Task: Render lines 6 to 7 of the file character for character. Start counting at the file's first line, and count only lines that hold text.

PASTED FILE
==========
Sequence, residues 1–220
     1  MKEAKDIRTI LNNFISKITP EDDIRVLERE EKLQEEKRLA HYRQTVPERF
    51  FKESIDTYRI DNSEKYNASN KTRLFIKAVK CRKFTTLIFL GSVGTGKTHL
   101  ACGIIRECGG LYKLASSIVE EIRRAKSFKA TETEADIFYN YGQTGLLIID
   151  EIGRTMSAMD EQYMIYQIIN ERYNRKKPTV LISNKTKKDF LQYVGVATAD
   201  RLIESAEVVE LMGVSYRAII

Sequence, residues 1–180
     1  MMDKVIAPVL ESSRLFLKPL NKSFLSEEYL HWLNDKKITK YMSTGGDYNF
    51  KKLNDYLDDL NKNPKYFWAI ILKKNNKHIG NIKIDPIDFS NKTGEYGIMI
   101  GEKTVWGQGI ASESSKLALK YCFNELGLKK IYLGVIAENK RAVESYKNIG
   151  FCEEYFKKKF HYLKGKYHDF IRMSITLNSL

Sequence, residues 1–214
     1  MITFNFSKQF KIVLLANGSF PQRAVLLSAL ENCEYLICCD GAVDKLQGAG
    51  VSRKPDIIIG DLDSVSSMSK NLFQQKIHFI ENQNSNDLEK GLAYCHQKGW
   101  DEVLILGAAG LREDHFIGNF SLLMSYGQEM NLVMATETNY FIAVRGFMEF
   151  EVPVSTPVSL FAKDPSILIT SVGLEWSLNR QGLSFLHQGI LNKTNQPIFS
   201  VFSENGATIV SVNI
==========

   201  RLIESAEVVE LMGVSYRAII

Sequence, residues 1–180